The search industry will henceforth remember April 21, 2015, as the day that Google finally made mobile a part of its ranking factor in the algorithm. Or what has now affectionately been coined as ‘Mobilegeddon’.
Of the two announcements made on the official Google Webmaster Central blog back in February 2015, the one that had marketers and advertisers doubting the robustness of their mobile sites and scrambling for last minute updates was this:
Starting April 21, we will be expanding our use of mobile-friendliness as a ranking signal. This change will affect mobile searches in all languages worldwide and will have a significant impact on our search results.
For most, this update will come as no surprise as over the last couple of years, Google has already hinted, assisted, and indeed encouraged webmasters to put an increased focus on their mobile sites and apps. While the details of the update are scarce, Zineb Ait Bahajji of the Google Webmaster Trends team stated at SMX Munich that the algorithm will have a greater impact than Panda (12 per cent of search queries) & Penguin (3.1 per cent of search queries).
This potentially means that over 11 per cent of search results will be impacted.
Keeping in mind that this update will strictly affect mobile queries only (not even tablets) – if your website is already built with mobile in mind (that is, responsive, or mobile friendly/optimized) then the impact of the update will be less painful than for those who have ignored mobile users for the past few years. While the algorithm will begin to roll out tomorrow, the completion may not be for a few weeks, meaning you may not notice the changes initially and not all penalized sites will drop tomorrow.
Here are some things you can do to get your site ready for tomorrow’s update:
The Mobile-Friendliness tool will help you find out if your website meets their mobile requirements and have the “mobile-friendly” tag added in the search results page on mobile devices. The caveat with this tool is that you can only analyze one page at a time.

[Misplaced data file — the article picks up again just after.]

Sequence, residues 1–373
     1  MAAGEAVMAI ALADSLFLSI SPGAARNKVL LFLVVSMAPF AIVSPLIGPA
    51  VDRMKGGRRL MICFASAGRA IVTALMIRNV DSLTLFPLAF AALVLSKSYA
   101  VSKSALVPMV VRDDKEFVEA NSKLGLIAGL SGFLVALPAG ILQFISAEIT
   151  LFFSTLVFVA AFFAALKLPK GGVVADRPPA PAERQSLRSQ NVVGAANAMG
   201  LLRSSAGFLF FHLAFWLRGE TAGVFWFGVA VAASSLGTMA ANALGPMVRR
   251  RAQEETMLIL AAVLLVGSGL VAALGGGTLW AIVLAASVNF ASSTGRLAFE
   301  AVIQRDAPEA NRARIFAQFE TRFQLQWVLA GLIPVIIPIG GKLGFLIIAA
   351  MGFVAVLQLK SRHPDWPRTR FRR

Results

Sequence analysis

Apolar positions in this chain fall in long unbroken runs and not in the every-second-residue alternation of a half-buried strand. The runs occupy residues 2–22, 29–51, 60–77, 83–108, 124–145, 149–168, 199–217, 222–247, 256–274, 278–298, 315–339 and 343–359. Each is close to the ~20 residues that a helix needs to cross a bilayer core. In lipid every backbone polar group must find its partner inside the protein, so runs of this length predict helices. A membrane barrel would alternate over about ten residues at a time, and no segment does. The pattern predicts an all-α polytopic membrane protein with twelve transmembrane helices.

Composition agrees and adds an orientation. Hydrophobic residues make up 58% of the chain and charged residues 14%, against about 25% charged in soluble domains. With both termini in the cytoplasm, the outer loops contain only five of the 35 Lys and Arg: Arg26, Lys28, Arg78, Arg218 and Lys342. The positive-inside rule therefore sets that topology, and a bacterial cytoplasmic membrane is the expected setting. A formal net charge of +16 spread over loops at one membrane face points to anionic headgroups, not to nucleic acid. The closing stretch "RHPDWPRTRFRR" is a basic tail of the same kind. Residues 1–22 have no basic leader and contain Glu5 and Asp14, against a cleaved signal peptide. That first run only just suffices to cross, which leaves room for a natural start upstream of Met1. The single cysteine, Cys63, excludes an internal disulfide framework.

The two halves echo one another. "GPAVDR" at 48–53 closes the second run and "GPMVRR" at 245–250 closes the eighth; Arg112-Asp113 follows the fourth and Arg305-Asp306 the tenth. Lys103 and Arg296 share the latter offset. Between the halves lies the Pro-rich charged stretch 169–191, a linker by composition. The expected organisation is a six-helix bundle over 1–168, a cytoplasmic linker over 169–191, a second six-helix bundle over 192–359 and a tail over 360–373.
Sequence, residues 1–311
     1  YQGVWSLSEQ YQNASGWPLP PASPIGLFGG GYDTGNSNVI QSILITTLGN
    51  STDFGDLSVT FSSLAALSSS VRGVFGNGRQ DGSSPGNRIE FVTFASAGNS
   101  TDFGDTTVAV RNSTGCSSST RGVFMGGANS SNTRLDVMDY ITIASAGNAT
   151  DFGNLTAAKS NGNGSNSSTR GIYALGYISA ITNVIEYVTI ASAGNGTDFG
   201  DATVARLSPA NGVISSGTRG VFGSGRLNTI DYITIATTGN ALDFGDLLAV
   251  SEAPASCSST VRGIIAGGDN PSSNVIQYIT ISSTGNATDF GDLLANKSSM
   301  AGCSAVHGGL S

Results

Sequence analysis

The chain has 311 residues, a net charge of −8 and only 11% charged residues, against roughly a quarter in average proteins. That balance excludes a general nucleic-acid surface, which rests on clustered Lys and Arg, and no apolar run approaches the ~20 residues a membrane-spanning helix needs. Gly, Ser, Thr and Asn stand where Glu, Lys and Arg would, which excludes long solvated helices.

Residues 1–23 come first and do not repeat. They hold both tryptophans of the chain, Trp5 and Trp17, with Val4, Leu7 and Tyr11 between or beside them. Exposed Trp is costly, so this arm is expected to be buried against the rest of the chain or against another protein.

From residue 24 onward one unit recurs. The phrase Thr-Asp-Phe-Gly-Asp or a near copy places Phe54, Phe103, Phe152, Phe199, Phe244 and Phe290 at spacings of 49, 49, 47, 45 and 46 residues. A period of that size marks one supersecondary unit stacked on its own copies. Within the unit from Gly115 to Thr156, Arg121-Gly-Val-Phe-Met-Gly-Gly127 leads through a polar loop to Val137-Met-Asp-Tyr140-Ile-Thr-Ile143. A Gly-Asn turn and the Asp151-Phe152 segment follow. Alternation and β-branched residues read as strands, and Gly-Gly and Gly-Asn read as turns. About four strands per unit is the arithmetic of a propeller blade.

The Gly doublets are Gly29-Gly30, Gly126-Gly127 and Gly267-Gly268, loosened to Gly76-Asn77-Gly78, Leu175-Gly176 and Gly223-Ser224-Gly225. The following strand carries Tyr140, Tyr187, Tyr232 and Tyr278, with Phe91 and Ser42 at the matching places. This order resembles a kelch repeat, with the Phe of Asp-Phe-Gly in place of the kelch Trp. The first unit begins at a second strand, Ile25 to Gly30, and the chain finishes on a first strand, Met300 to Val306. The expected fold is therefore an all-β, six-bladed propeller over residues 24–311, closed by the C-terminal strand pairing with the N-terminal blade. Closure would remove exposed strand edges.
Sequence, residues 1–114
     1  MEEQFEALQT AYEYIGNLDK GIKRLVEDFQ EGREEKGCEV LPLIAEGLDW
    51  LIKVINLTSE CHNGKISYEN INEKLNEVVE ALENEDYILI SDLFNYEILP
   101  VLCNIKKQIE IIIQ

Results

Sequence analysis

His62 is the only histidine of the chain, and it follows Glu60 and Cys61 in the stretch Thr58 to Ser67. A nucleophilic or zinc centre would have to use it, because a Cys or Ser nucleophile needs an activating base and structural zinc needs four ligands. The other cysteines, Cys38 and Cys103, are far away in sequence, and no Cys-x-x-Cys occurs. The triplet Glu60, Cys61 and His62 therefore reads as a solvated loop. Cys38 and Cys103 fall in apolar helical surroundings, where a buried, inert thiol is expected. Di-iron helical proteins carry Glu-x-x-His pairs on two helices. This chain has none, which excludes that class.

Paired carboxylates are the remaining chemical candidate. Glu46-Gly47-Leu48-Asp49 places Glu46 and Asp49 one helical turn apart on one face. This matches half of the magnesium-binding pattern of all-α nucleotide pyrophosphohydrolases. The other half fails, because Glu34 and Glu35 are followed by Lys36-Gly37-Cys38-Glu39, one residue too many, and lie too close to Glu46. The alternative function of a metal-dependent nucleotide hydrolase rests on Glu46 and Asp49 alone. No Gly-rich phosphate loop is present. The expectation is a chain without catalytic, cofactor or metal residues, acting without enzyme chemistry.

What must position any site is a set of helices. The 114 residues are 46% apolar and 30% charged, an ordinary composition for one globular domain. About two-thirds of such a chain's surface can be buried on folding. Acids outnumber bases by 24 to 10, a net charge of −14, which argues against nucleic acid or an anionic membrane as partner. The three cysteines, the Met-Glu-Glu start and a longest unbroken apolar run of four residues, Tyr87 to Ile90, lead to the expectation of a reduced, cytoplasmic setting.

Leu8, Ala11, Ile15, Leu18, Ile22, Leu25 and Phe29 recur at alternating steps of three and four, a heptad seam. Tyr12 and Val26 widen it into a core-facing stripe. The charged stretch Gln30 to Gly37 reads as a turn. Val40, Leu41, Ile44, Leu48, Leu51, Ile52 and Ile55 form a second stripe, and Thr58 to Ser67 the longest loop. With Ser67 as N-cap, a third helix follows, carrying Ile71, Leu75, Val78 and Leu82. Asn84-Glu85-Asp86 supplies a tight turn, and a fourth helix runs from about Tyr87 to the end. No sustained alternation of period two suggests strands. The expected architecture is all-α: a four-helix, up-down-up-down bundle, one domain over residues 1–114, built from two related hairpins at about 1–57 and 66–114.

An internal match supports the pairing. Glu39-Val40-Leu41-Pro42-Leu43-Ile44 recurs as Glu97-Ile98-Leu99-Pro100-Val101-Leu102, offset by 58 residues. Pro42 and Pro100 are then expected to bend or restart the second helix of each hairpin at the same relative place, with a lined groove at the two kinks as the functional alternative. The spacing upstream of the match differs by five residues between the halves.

It is highly recommended that you make use of the free Webmasters Tools suite if you do not already, and if you do the Mobile Usability Report feature will now list out all the mobile usability issues for you to check on.
Whether it’s a 404 or leading to a page that doesn’t load on a mobile device, Google’s number one priority is improving the mobile experience for users. Make sure that pages on your website load properly on mobile devices and minimize any pages that may either be broken or lead to dead pages.
Not every user accessing your site will be doing so with lightning fast 4G speeds—Google realizes this, and slow speeds may mean lower scores. Thankfully Google have also provided a tool with some advice on how to speed your mobile site up.
Duplicate pages have always been a concern for Google and this translates to mobile sites as well. If your mobile site is a subdomain it is advised to use canonical tags to indicate this to Google or any other search engines for that matter. If your site is responsive there will be no need for this.
Google has put together a helpful guide to making your site mobile friendly if you’re using one of the popular CMSs available that will prepare you for the mobile update tomorrow but more importantly optimize for your mobile experience.
For more starters on how to improve their mobile presence, check out Google Developer’s Mobile guide to the common mistakes seen on mobile sites.